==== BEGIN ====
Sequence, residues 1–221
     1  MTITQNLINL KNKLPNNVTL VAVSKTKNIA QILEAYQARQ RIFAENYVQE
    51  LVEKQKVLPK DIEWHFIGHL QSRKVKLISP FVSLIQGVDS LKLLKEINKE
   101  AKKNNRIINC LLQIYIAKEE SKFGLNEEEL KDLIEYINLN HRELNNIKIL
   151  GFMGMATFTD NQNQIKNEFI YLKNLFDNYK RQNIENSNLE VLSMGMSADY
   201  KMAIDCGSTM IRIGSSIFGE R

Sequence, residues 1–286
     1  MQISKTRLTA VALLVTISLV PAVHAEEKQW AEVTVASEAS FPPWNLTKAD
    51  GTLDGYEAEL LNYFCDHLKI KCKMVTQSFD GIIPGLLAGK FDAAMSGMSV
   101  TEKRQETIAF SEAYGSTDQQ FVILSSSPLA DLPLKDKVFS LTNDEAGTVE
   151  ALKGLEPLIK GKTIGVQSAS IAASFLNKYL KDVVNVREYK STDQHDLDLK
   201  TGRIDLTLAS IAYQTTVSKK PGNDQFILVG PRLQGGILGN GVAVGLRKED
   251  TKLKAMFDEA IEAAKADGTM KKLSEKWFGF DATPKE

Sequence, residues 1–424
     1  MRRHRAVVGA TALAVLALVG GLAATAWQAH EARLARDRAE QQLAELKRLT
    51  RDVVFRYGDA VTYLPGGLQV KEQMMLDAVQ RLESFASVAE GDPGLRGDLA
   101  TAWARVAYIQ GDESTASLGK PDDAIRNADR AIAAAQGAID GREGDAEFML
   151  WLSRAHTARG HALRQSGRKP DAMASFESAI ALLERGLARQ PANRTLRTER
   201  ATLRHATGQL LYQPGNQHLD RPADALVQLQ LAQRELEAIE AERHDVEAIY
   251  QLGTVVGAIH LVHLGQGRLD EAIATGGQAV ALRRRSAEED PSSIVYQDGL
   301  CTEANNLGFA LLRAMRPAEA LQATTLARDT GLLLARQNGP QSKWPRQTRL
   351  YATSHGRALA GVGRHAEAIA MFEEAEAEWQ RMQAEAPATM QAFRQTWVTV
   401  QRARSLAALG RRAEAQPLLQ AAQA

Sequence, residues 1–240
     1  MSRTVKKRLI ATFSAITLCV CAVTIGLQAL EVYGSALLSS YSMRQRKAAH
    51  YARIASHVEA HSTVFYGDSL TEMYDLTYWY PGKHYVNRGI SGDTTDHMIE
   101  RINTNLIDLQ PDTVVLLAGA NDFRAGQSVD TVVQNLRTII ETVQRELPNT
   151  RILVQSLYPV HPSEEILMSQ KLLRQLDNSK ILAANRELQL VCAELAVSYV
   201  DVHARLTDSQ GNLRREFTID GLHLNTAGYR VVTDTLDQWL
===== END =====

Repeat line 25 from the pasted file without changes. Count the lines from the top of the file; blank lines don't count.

     1  MSRTVKKRLI ATFSAITLCV CAVTIGLQAL EVYGSALLSS YSMRQRKAAH